The Darkseid War Part 1 keeps Justice League at the forefront of “big hero” comic book storytelling. The collected edition is now available.
In The Darkseid War, the Justice League finds itself in the crossfire of a brewing conflict between two insanely powerful villains. In one camp is arch-villain Darkseid and his legions of assassins, parademons and various brutal minions. In the other is the Anti-Monitor, a being of incredible destructive power (revealed as the entity that laid waste to Earth 3 in Forever Evil) determined to kill Darkseid.
Central to the conflict is Grail, the deadly daughter of Darkseid. Raised by her mother (a renegade Amazon) for the purpose of killing her father, Grail is crucial in leading the Anti-Monitor to Earth for an epic showdown with Darkseid. Also drawn into the conflict are other New Gods, including Mister Miracle, the son of Highfather who was raised on Apokolips under Darkseid’s thumb, who brings crucial information to the Justice League, and the mysterious, untrustworthy Metron, the “god of knowledge” whose destiny seems inextricably linked to the conflict between the immensely powerful titans. The first part of the saga wraps on a cliffhanger, with one of the chief combatants apparently slain.
Geoff Johns had finally hit his Justice League stride with previous arc The Amazon Virus. With The Darkseid War Part 1, he amps up all the good things from that run and comes up with the best story that this volume of the franchise has produced. The stakes are cosmic and the action is big-screen in the best way. The League gets into the thick of the battle between the villains and Johns shows them really struggling. It’s great to see the writer give his team a true challenge, but it’s also gratifying how Johns uses the plot to explore various facets of the characters.
Wonder Woman takes a spotlight in The Darkseid War, serving as narrator. Johns zeroes in on the central conflict of the Amazon princess, between peace and war, without being mawkish or clichéd. Johns uses some cannily-selected character pairings, such as Superman/Lex Luthor and Batman/Green Lantern, to illuminate interesting corners of well-known personalities. He’s also unafraid to put the cast through the wringer. By the cliffhanger, Batman, Superman and Flash have all endured startling transformations. Johns does a nice job with Mister Miracle, finding a fresh angle on the well-worn character and integrating him into the cast smoothly. Grail and her mother also make for fascinating antagonists. Johns doesn’t skimp on other nice character moments, even for cast members not in the spotlight (a couple of strong panels devoted to Shazam and Captain Cold, respectively, pack a lot of punch). He also works in some nice beats of suspense, as the heroes begin to piece together the varied elements driving the conflict. This is the kind of epic, classic super-team action fans want from Justice League.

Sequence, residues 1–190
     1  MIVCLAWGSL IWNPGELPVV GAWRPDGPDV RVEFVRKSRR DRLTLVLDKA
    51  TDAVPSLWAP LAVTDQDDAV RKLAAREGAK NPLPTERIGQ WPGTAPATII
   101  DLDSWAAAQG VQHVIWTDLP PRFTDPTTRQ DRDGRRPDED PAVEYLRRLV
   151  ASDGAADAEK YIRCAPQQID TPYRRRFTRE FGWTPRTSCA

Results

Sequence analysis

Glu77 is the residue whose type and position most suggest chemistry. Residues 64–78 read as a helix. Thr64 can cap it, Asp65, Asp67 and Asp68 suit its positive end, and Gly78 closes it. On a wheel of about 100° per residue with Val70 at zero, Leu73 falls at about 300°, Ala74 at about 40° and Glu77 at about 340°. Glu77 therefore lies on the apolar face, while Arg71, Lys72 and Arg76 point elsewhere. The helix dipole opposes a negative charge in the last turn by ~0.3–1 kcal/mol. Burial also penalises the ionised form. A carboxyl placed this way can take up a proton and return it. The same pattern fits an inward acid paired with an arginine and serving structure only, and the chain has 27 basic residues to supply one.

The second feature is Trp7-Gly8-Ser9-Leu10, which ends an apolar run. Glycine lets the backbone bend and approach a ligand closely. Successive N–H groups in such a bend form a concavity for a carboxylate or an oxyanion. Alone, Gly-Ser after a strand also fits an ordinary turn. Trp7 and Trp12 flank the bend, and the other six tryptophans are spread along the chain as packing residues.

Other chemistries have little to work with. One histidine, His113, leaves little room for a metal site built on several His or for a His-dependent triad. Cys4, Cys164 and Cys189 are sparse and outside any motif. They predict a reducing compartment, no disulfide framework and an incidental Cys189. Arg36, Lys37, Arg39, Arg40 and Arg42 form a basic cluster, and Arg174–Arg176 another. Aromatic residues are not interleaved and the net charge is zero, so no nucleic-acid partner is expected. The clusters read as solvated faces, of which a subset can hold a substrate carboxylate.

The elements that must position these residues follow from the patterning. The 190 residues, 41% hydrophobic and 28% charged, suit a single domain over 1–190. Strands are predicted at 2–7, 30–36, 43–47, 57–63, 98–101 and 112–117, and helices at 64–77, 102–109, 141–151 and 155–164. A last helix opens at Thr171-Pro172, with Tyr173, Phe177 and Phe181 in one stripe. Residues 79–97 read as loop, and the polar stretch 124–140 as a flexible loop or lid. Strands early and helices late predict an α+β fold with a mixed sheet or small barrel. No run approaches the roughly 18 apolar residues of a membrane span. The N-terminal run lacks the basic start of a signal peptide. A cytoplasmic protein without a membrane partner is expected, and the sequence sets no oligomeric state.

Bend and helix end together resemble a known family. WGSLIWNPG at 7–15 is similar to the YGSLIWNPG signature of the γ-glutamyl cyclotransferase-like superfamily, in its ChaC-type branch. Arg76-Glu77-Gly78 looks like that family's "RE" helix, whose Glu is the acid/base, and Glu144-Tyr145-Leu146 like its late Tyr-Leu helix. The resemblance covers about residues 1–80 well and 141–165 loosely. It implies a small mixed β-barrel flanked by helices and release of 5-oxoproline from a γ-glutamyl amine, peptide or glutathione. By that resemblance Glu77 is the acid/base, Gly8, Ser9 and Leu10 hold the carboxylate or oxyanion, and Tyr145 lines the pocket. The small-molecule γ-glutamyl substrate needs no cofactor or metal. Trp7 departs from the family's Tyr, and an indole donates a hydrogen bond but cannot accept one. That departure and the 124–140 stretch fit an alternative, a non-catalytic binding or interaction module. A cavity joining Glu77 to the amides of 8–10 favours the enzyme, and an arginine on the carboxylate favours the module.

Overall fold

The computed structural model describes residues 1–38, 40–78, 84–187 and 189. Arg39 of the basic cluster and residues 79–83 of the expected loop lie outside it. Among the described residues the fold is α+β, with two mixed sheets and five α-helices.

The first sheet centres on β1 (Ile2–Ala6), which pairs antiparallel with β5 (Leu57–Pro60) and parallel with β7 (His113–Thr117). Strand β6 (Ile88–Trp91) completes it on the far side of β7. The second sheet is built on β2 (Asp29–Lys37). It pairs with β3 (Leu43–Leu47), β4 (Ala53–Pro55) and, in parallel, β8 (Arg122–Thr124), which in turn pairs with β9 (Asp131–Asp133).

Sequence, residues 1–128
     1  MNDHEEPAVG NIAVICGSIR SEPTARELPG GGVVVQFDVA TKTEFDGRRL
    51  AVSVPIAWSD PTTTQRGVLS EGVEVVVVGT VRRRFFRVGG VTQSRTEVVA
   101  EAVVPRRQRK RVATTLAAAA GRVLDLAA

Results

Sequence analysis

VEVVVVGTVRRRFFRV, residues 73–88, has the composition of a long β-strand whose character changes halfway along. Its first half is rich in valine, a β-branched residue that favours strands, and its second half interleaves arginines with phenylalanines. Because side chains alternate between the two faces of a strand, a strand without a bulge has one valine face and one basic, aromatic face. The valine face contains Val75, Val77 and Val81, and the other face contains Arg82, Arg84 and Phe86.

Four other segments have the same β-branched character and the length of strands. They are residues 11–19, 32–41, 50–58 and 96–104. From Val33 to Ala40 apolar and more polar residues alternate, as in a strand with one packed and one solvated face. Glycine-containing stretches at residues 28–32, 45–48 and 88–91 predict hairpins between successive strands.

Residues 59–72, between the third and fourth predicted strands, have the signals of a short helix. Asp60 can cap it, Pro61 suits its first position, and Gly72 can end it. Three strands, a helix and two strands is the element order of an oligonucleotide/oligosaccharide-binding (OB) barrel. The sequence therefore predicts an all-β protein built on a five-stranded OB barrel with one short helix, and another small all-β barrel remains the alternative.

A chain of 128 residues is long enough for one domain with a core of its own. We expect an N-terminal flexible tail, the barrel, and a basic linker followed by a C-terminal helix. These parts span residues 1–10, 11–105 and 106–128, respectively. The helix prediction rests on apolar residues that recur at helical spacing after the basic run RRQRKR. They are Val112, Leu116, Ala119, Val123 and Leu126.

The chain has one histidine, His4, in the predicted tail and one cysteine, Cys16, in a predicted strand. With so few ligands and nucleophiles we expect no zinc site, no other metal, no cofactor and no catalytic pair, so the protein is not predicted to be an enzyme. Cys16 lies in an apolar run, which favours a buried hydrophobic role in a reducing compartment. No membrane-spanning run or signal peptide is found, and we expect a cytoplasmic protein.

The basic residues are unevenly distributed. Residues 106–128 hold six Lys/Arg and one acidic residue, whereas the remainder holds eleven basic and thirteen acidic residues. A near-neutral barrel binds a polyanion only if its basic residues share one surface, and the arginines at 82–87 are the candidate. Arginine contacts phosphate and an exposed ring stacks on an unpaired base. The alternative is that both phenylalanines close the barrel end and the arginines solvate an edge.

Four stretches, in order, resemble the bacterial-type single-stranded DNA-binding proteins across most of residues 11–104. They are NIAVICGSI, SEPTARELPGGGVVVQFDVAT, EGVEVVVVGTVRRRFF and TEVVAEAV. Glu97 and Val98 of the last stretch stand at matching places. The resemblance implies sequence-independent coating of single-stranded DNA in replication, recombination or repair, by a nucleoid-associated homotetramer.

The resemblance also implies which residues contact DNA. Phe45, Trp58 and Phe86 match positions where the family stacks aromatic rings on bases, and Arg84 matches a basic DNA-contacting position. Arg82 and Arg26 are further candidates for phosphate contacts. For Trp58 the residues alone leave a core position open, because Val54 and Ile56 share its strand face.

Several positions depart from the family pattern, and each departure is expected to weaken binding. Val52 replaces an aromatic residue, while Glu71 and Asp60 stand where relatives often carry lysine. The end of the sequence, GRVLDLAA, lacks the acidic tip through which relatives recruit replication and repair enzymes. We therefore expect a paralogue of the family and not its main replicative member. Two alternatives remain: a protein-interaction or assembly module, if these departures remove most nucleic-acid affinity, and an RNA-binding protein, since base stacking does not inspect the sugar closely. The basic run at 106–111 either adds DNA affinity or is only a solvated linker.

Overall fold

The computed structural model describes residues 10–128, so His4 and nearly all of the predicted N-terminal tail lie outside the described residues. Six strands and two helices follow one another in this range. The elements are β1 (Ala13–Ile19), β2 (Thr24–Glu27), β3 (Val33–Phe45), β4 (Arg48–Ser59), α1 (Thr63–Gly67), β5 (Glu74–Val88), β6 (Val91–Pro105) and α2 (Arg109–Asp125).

Jason Fabok had impressed with his inaugural Justice League arc, but he takes a big leap forward in The Darkseid War. His character and design work are absolutely stunning. He updates familiar characters in interesting ways and infuses a lot of dynamism, energy and style into his pages. His layouts are unfussy, focusing on the best configuration to sell the drama of the action-intensive story. He crafts several beautiful, memorable images. Especially impressive is a two-page spread of the heroes enduring the fallout of a furious clash between Darkseid and the Anti-Monitor; it crackles with energy and practically leaps off the page. Colorist Brad Anderson (with an assist from Alex Sinclair) does some amazing work that really enhances the power and drama of Fabok’s art. Anderson employs a varied palette that fits each phase of the story ideally, really putting a high class gloss on the book’s visual presentation. Lettering often gets overlooked, but the work Rob Leigh does in this arc is quite impressive, providing crucial support that helps maintain the high graphic standards. This team makes Justice League one of the best looking books on the shelves right now.
The Darkseid War Part 1 provides the kind of high octane, big concept team action you want from a book like this. It’s really great work and worth seeking out.
Originally published at thunderalleybcpcom.ipage.com on March 24, 2016.